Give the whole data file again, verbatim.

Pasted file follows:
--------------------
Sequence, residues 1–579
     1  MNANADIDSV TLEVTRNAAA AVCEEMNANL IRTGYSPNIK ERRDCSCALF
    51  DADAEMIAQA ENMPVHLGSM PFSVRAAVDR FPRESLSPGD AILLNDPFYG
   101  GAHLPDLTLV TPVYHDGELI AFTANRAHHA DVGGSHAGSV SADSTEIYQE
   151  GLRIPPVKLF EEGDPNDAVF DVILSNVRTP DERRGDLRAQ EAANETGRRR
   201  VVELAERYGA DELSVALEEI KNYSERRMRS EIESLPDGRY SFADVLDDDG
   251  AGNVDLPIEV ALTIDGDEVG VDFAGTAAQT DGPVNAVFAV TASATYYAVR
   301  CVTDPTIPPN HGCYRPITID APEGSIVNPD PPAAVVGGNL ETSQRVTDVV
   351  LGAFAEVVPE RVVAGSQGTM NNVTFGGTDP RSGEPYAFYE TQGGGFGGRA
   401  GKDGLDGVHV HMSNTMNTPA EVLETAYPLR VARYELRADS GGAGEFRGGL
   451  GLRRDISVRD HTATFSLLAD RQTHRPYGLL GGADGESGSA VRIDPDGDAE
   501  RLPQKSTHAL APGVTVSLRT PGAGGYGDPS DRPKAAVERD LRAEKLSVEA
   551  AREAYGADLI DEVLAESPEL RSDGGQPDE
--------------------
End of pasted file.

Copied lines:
Sequence, residues 1–579
     1  MNANADIDSV TLEVTRNAAA AVCEEMNANL IRTGYSPNIK ERRDCSCALF
    51  DADAEMIAQA ENMPVHLGSM PFSVRAAVDR FPRESLSPGD AILLNDPFYG
   101  GAHLPDLTLV TPVYHDGELI AFTANRAHHA DVGGSHAGSV SADSTEIYQE
   151  GLRIPPVKLF EEGDPNDAVF DVILSNVRTP DERRGDLRAQ EAANETGRRR
   201  VVELAERYGA DELSVALEEI KNYSERRMRS EIESLPDGRY SFADVLDDDG
   251  AGNVDLPIEV ALTIDGDEVG VDFAGTAAQT DGPVNAVFAV TASATYYAVR
   301  CVTDPTIPPN HGCYRPITID APEGSIVNPD PPAAVVGGNL ETSQRVTDVV
   351  LGAFAEVVPE RVVAGSQGTM NNVTFGGTDP RSGEPYAFYE TQGGGFGGRA
   401  GKDGLDGVHV HMSNTMNTPA EVLETAYPLR VARYELRADS GGAGEFRGGL
   451  GLRRDISVRD HTATFSLLAD RQTHRPYGLL GGADGESGSA VRIDPDGDAE
   501  RLPQKSTHAL APGVTVSLRT PGAGGYGDPS DRPKAAVERD LRAEKLSVEA
   551  AREAYGADLI DEVLAESPEL RSDGGQPDE